Start your week off right, with a round-up of important news from Stanford Politics.
Facebook Oversight Board Rules Trump Ban Was Reasonable, Punts on Indefinite Ban
This past Wednesday, Facebook’s Oversight Board ruled that the company’s suspension of President Trump’s account following the Jan. 6 Capitol riot was justified. The 20-member board was created by Facebook in 2019 to review the company’s decisions regarding the types of content permitted on its platform, following several years of contentious public debates over the role of social media companies in policing violent or misinformative content. According to the recent report, in the run up to the violence, “in maintaining an unfounded narrative of electoral fraud and persistent calls to action, Mr. Trump created an environment where a serious risk of violence was possible… At the time of Mr. Trump’s posts, there was a clear, immediate risk of harm.” The opinion gave Facebook six months to decide if the former president will be permanently banned, stating that the company’s current content moderation policies do not justify a permanent suspension. The report strongly criticized the lack of consistency and clarity in the social media giant’s content policies and stated that the president can only be permanently suspended if his speech is found to violate a set of objectively enforceable standards. The ruling has reignited partisan rancor surrounding the relationship between tech companies, misinformation, and freedom of speech. Democrats are largely pushing for the president’s continued suspension, while Republicans are criticizing social media companies for curtailing free speech, with political motivations. According to Oversight Board Co-Chairman Michael McConnell, a Stanford Law School professor, “When you do not have clarity, consistency and transparency, there’s no way to know,” whether politics played a role in Facebook’s actions. “This is not the only case in which Facebook has engaged in ad hockery.” According to Nate Persily, another Stanford Law professor, “This case has dramatic implications for the future of speech online because the public and other platforms are looking at how the oversight board will handle what is a difficult controversy that will arise again around the world.” Twitter, Youtube, and Instagram, owned by Facebook, also banned President Trump from their platforms following Jan. 6, setting the stage for an industry-wide reckoning over content moderation and speech issues.
The New India-China Relationship
In May of 2020, India and China clashed and fired live ammunition over their shared border for the first time in more than 45 years. One year later, Research Scholar at Stanford’s Freeman Spogli Institute, FSI, Arzan Tarapore, comments on the profound impact this experience has had on India’s relationship with China. Destroying decades of warming relations between the two most populous nations in the world, this crisis has decisively turned public opinion in India against China. In the Indian government as well as officials describing the change to a “more adversarial, antagonistic and contentious” relationship. While many experts had theorized about India pursuing an alliance with the United States, this proved to be unfounded. However, both nations have made significant investments in improving infrastructure along border regions to facilitate the movement of additional troops and supplies in the event of any future crisis. In addition, both governments have committed to increasing the number of soldiers garrisoned in these regions with Indian commanders publicly reducing the restrictions they place on their soldiers’ use of firearms. Tarapore makes note that, while these projects are expensive, they consume a disproportionate amount of defense spending relative to their Chinese counterparts. Moreover, Tarapore emphasizes that, if India focuses its efforts on strengthening its border with China then it risks surrendering its historical dominance of the Indian ocean to a rapidly expanding Chinese navy.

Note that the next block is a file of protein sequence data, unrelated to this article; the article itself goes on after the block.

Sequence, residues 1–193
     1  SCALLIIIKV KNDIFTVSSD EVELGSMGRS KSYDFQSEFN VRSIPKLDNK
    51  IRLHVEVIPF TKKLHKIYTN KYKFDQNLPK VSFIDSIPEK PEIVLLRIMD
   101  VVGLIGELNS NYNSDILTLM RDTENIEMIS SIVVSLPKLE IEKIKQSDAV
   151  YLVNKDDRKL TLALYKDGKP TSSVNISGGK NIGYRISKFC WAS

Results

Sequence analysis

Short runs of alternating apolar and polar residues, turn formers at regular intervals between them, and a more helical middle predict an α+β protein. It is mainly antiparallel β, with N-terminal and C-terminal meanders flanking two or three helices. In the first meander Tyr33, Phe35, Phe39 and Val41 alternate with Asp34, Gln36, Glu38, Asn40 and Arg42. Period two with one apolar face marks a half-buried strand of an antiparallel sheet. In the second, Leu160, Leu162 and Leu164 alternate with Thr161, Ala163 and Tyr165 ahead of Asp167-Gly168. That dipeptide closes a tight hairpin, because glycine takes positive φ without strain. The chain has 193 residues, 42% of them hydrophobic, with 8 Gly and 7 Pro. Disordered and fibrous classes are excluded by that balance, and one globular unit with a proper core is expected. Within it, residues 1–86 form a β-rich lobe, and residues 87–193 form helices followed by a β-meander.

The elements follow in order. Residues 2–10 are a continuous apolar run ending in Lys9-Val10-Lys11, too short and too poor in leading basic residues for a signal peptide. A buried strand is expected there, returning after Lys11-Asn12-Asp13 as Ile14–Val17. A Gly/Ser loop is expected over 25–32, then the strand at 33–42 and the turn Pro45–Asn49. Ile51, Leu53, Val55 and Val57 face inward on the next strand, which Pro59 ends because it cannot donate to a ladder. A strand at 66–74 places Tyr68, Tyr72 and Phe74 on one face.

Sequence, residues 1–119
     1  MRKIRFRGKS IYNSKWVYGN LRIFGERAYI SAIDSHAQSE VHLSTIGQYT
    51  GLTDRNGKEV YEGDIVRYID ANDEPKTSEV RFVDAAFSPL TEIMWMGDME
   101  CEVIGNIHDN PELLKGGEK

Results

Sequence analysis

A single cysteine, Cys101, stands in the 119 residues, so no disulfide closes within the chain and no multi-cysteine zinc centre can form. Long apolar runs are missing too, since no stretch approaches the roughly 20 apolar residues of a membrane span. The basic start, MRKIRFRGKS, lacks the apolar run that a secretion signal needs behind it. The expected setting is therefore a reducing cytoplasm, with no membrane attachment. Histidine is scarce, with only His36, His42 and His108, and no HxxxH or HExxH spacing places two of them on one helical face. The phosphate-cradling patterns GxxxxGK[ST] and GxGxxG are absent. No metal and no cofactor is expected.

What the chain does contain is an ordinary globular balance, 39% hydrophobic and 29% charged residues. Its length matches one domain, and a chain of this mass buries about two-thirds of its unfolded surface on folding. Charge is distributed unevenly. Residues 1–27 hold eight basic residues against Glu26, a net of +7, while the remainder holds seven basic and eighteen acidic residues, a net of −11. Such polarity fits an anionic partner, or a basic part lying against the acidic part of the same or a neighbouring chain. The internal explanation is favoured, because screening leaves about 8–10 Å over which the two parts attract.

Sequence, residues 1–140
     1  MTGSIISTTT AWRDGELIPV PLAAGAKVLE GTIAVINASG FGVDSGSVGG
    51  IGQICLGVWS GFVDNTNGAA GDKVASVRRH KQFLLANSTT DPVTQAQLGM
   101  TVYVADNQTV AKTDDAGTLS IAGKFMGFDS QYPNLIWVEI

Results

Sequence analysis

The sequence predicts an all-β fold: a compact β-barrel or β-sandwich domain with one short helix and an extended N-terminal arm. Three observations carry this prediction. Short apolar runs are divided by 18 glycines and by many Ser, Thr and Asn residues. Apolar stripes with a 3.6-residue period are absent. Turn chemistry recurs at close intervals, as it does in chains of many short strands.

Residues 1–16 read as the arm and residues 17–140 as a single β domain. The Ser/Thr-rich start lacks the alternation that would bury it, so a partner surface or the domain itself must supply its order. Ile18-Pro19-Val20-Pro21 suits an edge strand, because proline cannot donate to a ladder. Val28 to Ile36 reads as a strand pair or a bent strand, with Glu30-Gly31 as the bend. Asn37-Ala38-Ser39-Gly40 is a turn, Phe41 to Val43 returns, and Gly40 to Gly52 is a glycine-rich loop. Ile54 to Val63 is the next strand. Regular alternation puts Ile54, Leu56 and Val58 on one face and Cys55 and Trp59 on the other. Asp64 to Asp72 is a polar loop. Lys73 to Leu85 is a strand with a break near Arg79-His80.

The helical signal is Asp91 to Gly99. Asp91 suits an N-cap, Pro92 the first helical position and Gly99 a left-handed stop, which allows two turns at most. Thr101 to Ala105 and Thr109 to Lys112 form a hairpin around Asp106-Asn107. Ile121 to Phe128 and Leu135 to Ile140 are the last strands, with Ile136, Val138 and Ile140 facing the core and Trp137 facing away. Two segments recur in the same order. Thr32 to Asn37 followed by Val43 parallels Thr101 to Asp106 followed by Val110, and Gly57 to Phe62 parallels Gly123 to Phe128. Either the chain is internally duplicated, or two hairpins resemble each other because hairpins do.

A Change in US Nuclear Doctrine
While the United States has claimed it fully accepts that its nuclear arsenal and its operations are subject to International Humanitarian Law, IHL, it has sustained an enduring ambiguity concerning some of the law’s key provisions. Senior Fellow at FSI Scott Sagan points out that the US, as recently as 25 years ago, claimed that it retained the right to “belligerent reprisal,” meaning that if the US was attacked in a manner that violated IHL then it had the right to violate the same provisions in its retaliatory strike. The logic behind this theory rests on the assumption that the threat of such a retaliatory strike would dissuade aggressors from attacking in this manner. However, the IHL does allow the targeting of military and political leadership along with a host of other options that would impose extensive costs on any attacking force. Moreover, Dr. Sagan highlights the difficulty with which military personnel would have in undertaking such a morally dubious command. Therefore, Sagan advises the United States to take a moral stand on this issue and formally announce that the United States will not target civilians under any circumstances.
And in case you missed it…
Stanford’s Professoriate Faculty Slowly Diversifies (Milstein | The Stanford Daily)
Stanford’s Lisa Ouellette on Waiving COVID-19 Vaccine Patents (Ouelette, Driscoll | Stanford Law School)
About the Authors
Noah Howard ‘22 is pursuing majors in Economics and International Relations with a minor in Iranian Studies. Living in Washington D.C., he is currently writing a thesis about the role of Iran’s Revolutionary Guard in Iranian Politics.
Jackson Vachal ‘22 is pursuing majors in Political Science and Philosophy, with a focus on democratic theory. A San Francisco native, he is interested in social entrepreneurship and